Proclamation 4902—Save Your Vision Week, 1982
By the President of the United States of America
The ability to see is precious. We depend on it for every waking moment. Most of us take this gift of sight for granted until it is threatened by disease or injury. There are, however, many things we can do to protect our eyes and prevent visual loss or impairment.
A very important sight-saving precaution is to have regular eye examinations by an eye care professional. Each year, checkups of this sort alert thousands of Americans to the fact that they have serious eye disease and should consider prompt treatment. For many, immediate attention to the eye problem saves vision that might otherwise be lost forever. This is particularly true for the more than one million people in this country who have diabetes. For years, diabetes has been the leading cause of blindness among middle-aged Americans. Now, however, there is a treatment that can help people with diabetic eye disease retain their vision. If all those who need help for this eye problem were to obtain treatment in time, thousands of cases of blindness could be prevented.
Children as well as adults can benefit greatly from regular eye examinations. A routine checkup may reveal some unsuspected eye problem that can be better corrected while a child is still young. Some of these childhood eye problems cause permanent visual loss if left untreated. Others remain correctable, but a delay in treatment may mean years of needless handicap in both schoolwork and play.
Protecting the eyes from injury is another important way to prevent visual impairment and even blindness. Safety glasses, goggles, or face shields should be worn in hazardous situations at work and while participating in potentially hazardous sports.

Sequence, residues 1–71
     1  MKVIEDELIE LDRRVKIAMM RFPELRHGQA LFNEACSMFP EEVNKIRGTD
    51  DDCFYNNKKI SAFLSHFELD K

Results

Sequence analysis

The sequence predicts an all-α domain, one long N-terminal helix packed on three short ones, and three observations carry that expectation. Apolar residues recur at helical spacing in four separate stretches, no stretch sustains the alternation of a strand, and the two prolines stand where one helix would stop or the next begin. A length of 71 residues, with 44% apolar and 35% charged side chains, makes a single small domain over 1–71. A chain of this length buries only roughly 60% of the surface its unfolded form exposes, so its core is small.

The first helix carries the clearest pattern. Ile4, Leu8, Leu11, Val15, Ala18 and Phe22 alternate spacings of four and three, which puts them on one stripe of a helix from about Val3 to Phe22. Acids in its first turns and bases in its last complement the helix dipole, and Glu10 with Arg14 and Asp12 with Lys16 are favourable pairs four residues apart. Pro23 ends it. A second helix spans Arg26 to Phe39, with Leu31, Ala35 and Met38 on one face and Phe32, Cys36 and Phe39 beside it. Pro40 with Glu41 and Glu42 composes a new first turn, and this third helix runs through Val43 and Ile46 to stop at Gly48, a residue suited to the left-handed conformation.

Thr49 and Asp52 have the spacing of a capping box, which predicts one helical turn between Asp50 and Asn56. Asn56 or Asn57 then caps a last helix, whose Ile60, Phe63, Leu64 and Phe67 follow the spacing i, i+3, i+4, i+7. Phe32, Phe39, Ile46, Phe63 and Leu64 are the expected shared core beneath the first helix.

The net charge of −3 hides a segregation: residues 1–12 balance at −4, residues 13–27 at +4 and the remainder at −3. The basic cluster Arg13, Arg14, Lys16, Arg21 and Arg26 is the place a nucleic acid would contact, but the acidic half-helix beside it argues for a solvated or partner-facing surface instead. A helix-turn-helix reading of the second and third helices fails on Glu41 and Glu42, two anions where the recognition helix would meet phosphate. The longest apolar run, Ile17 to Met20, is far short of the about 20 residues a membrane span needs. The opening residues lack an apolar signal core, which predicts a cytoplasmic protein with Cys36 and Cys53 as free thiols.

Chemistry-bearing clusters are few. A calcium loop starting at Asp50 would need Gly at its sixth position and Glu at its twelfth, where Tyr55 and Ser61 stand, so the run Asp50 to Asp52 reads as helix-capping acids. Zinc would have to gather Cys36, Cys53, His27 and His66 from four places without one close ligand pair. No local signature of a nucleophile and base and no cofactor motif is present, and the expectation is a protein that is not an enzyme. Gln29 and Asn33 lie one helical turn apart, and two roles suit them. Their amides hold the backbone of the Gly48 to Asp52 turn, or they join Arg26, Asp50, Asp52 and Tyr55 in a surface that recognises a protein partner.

We should also remember that thousands blinded by corneal disease or injury could have their vision restored by corneal transplants if people would pledge their eyes at death to their local eye bank as a legacy of sight.
To encourage citizens of this country to cherish and protect their eyesight, the Congress, by joint resolution approved December 30, 1963 (77 Stat. 629, 36 U.S.C. 169a), has requested the President to proclaim the first week in March of each year as Save Your Vision Week.
Now, Therefore, I, Ronald Reagan, President of the United States of America, do hereby designate the week beginning March 7, 1982, as Save Your Vision Week. I urge all of our citizens to participate in this observance by making plans to take care of their own eyes and by considering what they can do to protect the vision of family members and co-workers as well. I also invite eye care professionals, the communications media, educators, athletic coaches, and all public and private organizations that support sight conservation to join in activities that will foster concern for eye care and eye safety.
In Witness Whereof, I have herunto set my hand this 25th day of Feb., in the year of our Lord nineteen hundred and eighty two, and of the Independence of the United States of America the two hundred and sixth.
Note: The text of the proclamation was released by the Office of the Press Secretary on February 26.
Ronald Reagan, Proclamation 4902—Save Your Vision Week, 1982 Online by Gerhard Peters and John T. Woolley, The American Presidency Project https://www.presidency.ucsb.edu/node/245338